City of Girls by Elizabeth Gilbert
Read: 15 - 24 June 2020
Release year: 2019
This was the first book I received after signing up for the Rare Birds Book Club and what a good choice that was. At this book club you have a choice between two books every month. You do not know exactly which books they are, but you can choose from two book descriptions. All of the books are written by female authors and feature a woman as the main protagonist. At the end of the month, you can discuss the book with the other members on their website.
City of Girls is the story of the life of Vivian Morris, starting in 1940 when she is just 19 years old. The book is written from the perspective of an elderly Vivian, who shares her life story in a letter to a girl named Angela, who wants to know what Vivian was to her father. Vivian decides to answer this question by sharing her life story in a letter of 500 pages (!), which is weird if you think about it. After being kicked out of college at the age of 19, Vivian is sent to live with her aunt Peg in New York who owns a struggling theatre. Here she gets caught up in the world of showgirls, actors and play writers. Vivian herself is a talented seamstress and starts making costumes for the plays. After being involved in a sex scandal, her new flashy life suddenly ends and she has to return home to her parents.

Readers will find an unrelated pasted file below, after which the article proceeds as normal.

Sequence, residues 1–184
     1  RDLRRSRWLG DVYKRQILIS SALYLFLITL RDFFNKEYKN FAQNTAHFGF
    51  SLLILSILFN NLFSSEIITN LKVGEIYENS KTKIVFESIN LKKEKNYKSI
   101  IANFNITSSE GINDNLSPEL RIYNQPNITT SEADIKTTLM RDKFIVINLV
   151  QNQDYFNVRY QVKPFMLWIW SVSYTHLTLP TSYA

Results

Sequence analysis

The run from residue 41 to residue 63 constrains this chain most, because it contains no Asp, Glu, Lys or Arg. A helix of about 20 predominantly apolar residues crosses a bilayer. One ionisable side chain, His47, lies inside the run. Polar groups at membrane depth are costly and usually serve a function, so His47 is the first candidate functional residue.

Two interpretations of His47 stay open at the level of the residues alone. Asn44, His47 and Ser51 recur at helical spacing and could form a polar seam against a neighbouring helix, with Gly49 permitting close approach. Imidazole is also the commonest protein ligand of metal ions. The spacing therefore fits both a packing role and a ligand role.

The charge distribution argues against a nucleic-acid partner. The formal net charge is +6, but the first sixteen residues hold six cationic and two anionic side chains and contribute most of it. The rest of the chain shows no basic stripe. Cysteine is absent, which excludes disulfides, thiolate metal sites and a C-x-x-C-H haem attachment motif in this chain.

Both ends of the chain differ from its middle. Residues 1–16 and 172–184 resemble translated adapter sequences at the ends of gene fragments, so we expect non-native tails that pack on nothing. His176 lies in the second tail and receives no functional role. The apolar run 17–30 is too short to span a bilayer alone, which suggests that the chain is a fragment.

This basically is the first part of the book, approximately the first 300 pages. I do not particularly like Vivian in her early twenties as she is very spoiled and selfish, but the events are written so descriptively that it felt like I was transported to the 1940s. The last 200 pages are about the remainder of Vivian's life which felt a little bit rushed. After a failed engagement in her hometown, Vivian returns to New York to pick up her life again. In this part elderly Vivian also answers Angela's question 'what were you to my father', the reason why she wrote the letter in the first place. Vivian does not reveal the identity of Angela's father until page 417 (out of 495) and because of that he did not feel as important as he should have been in my opinion.
Even though I did not like Vivian in the first part of the book, I absolutely loved her when she got older. It was very refreshing to see that she did not need to get married or have children to feel happy in her life. She became a very independent woman and did not care about the people that felt the need to judge her. My favourite parts of the book were actually when elderly Vivian mocked her own behaviour at a younger age. Despite the little flaws in this book, I absolutely loved reading this.
"At some point in a woman’s life, she just gets tired of being ashamed all the time. After that, she is free to become whoever she truly is."